Excitement jumps out on the first page when Bobby, the main character, discovers he has just become invisible.  He immediately shocks his parents with the news, and they all decide it’s best to tell no one.

On his quest to materialize his body again, he meets a blind girl named Alicia, and they soon become friends.

This story does not reveal the expected response of new found invisibility-breaking into banks or spying in the girls locker room-but Clements creates a fairly believable emotional response of a 15 year old boy.

I would recommend this book to kids ages 12-16, or to someone who likes to read kid novels.  Things Not Seen is by no means the best of this genre, but it’s an enjoyable read and fairly well-written.

Last week in training, the principle of the school where I teach showed us a video of students sharing their hopes for the upcoming year.  A recurring theme in all of their responses was their hope for a “nice” teacher.  What is nice anyway?  She asked us what this meant for a teacher.  It got me thinking about something a student told me once…

From the first day of class, I had a poor attitude about a certain student.  I didn’t really want this student in my class.  She just rubbed me the wrong way and irritated me.  Actually, she sort-of reminded me of the “cool” girls that I was so jealous of in middle/high school–the ones I hated but actually wanted to be like.  It’s funny how you can see someone and instantly make a judgement call about them.  (People do it all the time, even if they don’t mean to.  I’m pretty sure that even if someone says they don’t judge others, they really do.  We can’t help it.)

Over the course of the year, I tried to change my attitude.  Obviously this student was not leaving my class, so I needed to figure out a way to get some mutual respect going instead of thinking badly of her all year.  I guess I prayed about it; I wanted to find something good in her, so I started looking.  You know, as soon as I did that, the negative things seemed to turn into positive things.  This student really began to delight me with her confidence and leadership, her wit and humor, and the way she loved life, I guess.  She didn’t care about looking silly or what others thought of her.  She tried and did what she could, and the rest didn’t really matter.  I found that I enjoyed her because she was different than I am.  I now think about her with pleasure, and she’s a student that I wouldn’t mind having for a second time.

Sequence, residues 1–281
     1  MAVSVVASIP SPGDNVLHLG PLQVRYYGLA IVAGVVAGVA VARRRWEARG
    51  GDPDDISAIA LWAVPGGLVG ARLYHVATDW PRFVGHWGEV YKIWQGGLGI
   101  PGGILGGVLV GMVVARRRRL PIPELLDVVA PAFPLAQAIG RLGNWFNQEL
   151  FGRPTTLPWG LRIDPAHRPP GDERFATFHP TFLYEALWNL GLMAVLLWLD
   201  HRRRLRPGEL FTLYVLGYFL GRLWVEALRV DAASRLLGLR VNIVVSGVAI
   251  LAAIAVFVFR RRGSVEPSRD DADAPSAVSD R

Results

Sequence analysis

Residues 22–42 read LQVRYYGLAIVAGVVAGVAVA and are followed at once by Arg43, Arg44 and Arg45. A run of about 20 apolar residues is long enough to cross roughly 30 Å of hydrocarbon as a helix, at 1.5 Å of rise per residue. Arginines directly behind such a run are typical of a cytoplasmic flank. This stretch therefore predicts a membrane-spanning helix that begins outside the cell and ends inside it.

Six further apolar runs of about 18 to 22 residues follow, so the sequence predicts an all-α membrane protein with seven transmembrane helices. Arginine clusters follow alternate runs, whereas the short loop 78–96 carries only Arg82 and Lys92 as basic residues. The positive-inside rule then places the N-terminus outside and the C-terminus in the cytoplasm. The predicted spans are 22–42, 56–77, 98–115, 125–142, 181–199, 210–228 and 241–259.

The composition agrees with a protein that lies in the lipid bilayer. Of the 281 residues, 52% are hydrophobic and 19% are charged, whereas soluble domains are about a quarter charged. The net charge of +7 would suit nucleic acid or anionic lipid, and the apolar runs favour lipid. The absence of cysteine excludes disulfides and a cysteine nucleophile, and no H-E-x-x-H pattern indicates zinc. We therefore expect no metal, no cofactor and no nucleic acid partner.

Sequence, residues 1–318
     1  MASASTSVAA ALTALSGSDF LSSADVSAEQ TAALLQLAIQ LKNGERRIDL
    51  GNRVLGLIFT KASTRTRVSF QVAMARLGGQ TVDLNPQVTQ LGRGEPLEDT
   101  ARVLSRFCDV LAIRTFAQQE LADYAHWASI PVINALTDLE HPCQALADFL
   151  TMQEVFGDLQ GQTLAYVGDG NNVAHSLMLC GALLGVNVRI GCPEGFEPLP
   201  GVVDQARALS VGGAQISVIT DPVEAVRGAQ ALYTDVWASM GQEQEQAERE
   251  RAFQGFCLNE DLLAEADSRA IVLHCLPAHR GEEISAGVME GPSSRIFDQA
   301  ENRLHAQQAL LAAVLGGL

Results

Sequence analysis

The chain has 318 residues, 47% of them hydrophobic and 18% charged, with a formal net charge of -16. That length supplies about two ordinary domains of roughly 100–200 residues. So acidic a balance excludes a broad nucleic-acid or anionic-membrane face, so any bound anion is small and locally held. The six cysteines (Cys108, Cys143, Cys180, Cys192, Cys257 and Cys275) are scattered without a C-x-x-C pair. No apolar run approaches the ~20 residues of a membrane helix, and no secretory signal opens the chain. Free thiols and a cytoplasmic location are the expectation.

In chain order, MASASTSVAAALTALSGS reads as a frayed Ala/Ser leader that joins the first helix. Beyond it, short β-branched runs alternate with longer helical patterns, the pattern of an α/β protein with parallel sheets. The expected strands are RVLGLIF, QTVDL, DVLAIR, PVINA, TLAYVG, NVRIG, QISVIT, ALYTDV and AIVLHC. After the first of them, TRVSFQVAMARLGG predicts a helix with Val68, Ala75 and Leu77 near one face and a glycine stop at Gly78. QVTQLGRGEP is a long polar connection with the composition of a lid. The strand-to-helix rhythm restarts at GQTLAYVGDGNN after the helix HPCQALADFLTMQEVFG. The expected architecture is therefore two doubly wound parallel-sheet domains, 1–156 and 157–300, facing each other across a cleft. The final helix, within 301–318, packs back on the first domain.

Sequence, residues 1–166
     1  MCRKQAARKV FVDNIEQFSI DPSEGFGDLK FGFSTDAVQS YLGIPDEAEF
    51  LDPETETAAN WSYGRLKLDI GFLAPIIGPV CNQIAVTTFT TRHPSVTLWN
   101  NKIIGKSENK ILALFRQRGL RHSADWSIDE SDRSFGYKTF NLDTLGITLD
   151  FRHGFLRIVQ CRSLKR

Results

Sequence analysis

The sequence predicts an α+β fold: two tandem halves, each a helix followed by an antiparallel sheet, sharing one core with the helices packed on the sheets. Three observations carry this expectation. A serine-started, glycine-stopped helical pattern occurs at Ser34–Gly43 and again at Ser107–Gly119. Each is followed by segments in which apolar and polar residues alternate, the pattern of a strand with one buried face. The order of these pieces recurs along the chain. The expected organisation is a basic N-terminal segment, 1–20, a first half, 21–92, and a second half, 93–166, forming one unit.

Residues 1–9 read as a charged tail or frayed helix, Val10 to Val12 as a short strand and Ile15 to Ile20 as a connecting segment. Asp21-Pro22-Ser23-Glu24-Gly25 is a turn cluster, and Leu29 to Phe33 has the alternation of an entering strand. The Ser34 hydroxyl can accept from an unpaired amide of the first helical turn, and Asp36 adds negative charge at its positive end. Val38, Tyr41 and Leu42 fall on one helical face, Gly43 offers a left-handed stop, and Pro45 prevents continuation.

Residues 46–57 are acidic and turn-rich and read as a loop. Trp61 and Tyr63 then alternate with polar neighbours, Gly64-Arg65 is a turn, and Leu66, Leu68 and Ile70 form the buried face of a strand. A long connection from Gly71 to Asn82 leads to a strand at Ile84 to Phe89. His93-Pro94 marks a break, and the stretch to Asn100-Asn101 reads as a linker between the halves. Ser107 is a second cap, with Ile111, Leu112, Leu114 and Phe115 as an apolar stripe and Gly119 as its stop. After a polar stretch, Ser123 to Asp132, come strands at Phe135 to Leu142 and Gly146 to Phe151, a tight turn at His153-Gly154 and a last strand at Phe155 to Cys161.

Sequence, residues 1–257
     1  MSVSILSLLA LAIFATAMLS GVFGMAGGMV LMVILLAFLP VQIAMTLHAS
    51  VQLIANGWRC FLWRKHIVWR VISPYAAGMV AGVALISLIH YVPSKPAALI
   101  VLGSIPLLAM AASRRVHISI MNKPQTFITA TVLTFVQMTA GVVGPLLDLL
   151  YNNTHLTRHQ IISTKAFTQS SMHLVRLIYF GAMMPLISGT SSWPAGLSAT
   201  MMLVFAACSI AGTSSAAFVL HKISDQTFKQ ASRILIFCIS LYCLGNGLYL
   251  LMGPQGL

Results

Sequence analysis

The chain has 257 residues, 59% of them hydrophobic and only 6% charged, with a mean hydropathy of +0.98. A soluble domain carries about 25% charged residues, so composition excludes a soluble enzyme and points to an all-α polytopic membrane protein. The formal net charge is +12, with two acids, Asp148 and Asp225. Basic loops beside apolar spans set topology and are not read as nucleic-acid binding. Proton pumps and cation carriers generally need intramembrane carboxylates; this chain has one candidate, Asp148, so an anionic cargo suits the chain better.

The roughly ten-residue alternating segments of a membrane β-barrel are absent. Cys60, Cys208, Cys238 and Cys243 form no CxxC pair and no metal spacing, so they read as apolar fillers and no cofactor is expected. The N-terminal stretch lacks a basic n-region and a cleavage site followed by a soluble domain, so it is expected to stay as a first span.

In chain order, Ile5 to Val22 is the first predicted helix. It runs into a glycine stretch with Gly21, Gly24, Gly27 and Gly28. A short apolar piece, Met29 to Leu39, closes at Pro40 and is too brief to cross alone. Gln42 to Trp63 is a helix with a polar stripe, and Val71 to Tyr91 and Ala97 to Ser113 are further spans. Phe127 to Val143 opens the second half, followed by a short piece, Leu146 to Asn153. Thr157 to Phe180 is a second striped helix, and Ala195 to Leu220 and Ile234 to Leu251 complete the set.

The part that really surprised me was at the end of the year.  As the students went around and shared thoughts and memories from the year, this girl spoke up.  She spoke to me, “At the beginning of the year, I thought you were going to be a mean teacher…but now, I think you’re really nice.” How ironic, I thought.

I wonder if people’s perceptions of you has to do with your perceptions of them?  If I enjoy being around someone, perhaps they think I’m nice?  Or if I hate someone’s guts, would it surprise you if they said I was mean?

This lesson is kind of teaching me a little about being a teacher, as well as being a person.  I’m realizing that even if there is someone that I don’t like at first, it’s important to look past your initial impressions.  We need to find the good in each other.  And I really believe that I couldn’t have done it without prayer.  I know that without Jesus I’m an incredibly selfish person who wouldn’t care a bit about anyone else.

So, I guess the lesson is: If you want others to like you, like them first.  Seems simple, but I guess it took me a year to figure it out.

I found this really fascinating website where you can search the outer parts of our universe and classify stars and galaxies.  I guess the “space guys” have figured out a way to make their jobs easier.  Pretty smart if you ask me…

Here is a podcast of what Galaxy Zoo is about, and how a TEACHER discovered something rare and unusual in the universe.  They named the unusual feature after her!  Maybe I’ll make an amazing discovery one day…